I’m an ornithologist and conservationist developing the forest, grassland, and wetland habitats of my aviary, attracting birds to my network of nature preserves in Wingspan. I listen across the the tabletop and digital versions of Wingspan, attuning my ear to the ways in which the game is part of this multisensory and interactive tradition of knowing the nonhuman animal through the visual and sonic realism of “field marks”and representational habitat detail that guide species identification in the field. I argue that versionings of Wingspan afford players different kinds of opportunities to look and listen more carefully to species-specific sonic behavior. Fans of the tabletop version expressed online that they wanted to hear,as well as see the birds they collected and played in their personal aviaries. With each expansion pack release, the percentage of sound-oriented fieldnotes increased, but they describe how their calls related to their habitat or make comparisons using anthropocentric musical terms (e.g., “flute-like” song). When players listen to the descriptions on each card they are rarely listening to the birds. While the tabletop game arguably remains the fan favorite, the digital edition takes the concept of building bird sanctuaries by adding the call of each bird played to aviary’s acoustic environment. In contrast to the tabletop version, the Wingspan digital game adaptation provides players with the opportunities to listen to the birds as not just a collection of visual specimens in the ecosystem of their board, but also as a soundscape of avian chaos.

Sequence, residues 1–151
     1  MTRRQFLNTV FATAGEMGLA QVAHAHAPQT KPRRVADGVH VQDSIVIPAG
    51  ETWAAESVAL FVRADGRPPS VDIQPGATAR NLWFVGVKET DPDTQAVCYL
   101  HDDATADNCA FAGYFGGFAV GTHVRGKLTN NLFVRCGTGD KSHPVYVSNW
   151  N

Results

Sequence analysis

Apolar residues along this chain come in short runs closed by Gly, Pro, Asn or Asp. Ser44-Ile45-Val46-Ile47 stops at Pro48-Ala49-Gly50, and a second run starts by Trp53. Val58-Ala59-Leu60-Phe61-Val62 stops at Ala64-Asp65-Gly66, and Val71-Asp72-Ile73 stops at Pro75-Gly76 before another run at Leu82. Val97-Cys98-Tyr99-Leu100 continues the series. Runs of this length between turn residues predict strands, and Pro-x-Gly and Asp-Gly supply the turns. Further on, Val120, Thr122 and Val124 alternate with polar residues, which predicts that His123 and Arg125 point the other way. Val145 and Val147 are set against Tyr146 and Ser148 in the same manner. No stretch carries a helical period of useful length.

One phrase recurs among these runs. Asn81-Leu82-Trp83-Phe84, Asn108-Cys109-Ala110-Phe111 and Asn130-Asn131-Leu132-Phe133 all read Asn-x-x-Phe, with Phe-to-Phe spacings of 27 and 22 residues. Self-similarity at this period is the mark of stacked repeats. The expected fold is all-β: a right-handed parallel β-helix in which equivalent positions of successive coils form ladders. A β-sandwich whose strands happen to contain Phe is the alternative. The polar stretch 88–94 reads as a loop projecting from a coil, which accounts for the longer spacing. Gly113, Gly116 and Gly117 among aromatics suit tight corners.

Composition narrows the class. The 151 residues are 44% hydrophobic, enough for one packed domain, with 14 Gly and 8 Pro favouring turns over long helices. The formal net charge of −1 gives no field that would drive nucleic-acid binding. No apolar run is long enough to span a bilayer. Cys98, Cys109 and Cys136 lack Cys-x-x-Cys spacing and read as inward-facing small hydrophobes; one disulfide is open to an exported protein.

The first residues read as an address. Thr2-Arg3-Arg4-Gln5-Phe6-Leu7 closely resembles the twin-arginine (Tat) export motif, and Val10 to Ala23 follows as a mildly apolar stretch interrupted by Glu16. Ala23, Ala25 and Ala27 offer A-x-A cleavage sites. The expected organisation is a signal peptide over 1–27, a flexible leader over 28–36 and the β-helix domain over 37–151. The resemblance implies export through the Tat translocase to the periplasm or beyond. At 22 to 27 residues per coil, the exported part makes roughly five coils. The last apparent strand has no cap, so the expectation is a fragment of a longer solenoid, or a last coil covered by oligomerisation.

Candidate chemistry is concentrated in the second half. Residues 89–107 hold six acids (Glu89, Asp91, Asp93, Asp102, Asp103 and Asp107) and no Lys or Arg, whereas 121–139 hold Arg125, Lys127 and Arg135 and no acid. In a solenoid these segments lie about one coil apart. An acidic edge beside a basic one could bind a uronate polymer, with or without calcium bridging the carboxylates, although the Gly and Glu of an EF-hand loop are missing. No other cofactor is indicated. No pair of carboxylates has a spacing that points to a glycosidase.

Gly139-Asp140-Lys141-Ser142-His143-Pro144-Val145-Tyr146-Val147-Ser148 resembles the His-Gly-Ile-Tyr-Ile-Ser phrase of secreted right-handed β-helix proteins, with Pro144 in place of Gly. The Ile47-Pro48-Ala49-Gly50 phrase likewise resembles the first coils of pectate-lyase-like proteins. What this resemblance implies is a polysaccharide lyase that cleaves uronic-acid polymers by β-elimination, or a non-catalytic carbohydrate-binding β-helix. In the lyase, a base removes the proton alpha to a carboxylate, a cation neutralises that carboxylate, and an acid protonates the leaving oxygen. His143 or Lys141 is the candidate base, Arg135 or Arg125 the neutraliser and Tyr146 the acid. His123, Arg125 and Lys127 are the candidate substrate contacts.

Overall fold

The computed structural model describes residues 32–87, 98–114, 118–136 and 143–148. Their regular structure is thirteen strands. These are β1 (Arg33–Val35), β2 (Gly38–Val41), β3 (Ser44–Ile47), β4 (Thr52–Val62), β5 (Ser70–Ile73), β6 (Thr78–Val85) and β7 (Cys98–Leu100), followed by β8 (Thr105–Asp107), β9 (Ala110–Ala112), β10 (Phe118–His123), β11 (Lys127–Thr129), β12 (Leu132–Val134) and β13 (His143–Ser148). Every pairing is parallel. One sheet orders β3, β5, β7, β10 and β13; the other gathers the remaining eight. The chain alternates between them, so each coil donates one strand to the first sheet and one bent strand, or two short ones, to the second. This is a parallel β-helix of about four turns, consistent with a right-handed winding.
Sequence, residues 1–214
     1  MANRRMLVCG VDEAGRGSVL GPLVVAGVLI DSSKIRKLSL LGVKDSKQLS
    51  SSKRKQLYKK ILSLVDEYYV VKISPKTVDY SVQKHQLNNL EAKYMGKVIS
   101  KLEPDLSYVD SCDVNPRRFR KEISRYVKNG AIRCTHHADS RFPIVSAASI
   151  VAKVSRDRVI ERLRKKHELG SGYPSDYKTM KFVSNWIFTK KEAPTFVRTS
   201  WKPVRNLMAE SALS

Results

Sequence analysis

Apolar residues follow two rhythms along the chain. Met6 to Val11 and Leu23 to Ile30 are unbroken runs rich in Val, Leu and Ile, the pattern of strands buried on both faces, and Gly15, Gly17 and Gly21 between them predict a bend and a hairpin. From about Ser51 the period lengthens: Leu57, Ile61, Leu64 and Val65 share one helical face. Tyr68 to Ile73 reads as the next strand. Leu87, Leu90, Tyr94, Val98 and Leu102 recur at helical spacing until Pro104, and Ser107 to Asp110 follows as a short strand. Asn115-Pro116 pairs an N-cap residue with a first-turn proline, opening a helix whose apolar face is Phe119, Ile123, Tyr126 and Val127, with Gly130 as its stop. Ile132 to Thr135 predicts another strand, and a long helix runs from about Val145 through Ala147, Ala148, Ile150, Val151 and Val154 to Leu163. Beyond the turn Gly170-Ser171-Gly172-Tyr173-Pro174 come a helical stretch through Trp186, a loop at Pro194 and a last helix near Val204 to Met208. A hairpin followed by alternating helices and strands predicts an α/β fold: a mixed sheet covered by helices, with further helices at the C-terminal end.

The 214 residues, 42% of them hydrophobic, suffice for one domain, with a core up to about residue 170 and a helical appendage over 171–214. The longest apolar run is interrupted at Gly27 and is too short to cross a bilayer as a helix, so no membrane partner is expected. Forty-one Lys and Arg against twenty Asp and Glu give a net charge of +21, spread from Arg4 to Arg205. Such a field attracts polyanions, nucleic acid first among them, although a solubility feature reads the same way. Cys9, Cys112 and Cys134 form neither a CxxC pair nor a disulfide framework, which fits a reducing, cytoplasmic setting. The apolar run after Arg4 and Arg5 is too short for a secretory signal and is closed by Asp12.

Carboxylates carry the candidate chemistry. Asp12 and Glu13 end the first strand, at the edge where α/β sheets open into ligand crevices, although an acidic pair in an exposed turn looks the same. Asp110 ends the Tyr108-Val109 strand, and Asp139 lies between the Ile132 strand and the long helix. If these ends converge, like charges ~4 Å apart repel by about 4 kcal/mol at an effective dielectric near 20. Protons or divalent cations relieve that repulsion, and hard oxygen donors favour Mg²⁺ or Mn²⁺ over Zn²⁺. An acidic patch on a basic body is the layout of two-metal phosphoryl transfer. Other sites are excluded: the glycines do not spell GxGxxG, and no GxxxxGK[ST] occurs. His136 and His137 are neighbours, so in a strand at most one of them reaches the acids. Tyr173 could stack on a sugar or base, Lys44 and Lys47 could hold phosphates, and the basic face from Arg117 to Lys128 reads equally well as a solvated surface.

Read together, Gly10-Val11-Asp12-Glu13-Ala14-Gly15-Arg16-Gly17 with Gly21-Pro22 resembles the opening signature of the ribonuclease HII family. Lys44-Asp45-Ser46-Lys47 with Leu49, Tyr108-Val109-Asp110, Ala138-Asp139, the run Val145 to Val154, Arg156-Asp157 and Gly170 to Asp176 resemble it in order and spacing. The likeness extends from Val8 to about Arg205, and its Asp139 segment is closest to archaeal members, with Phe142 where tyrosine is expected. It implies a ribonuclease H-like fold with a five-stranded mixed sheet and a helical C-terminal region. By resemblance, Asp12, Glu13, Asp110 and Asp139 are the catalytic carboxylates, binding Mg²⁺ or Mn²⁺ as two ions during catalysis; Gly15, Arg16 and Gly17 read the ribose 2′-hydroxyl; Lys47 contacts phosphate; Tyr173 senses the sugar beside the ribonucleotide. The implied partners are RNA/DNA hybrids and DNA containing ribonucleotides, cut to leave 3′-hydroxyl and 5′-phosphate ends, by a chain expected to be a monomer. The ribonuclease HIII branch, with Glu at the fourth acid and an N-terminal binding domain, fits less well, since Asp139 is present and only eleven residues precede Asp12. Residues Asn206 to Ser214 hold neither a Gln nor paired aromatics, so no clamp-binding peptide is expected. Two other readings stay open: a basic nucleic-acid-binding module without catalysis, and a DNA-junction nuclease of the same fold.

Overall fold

Ludomusicology is concerned with, among other things, sounds and music as design elements in computer game culture and the musical practices of sound production. Part of this sound production is called “sound scraping.” “Sound scraping” refers to the “scraping together” of already known, natural sounds, as well as their rearrangement in the form of overlapping or mixing. The results are sounds that cannot be created or recorded naturally, for example dragon roars or the sounds of a purely virtually existing instrument. This method is primarily used in the field of computer game audiotracks for fantasy, adventure and role-playing games. The term itself was decisively coined in practice by sound designers and composers of game audio and soundtracks, for example the long-time sound designer of the “Game of Thrones” franchise, Paula Fairfield. In an interview with the online magazine GoldDerby on August 20, 2018, she explained in detail how she used sound scraping to create the distinctive dragon roars by using sounds from lions, elephants, tortoises and comodo dragons. But why does a dragon in the computer game originating from the Japanese “Pokémon” franchise ‘roar’ completely differently than a comparable lindworm from the video game of the American “World of Warcraft” franchise? The phenomenon of “sound scraping” to create sounds and music in computer games and its cultural historical background will be the focus of this presentation. The principle of “sound scraping”, despite great practical importance, has so far remained almost completely unnoticed scientifically. Especially in connection with the investigation of the sound production process as well as the cultural-historical background, a real research gap opens up here. It is an intregal and important part of fantastical game music and provides therefore interactions between the virtual and realistic sound world.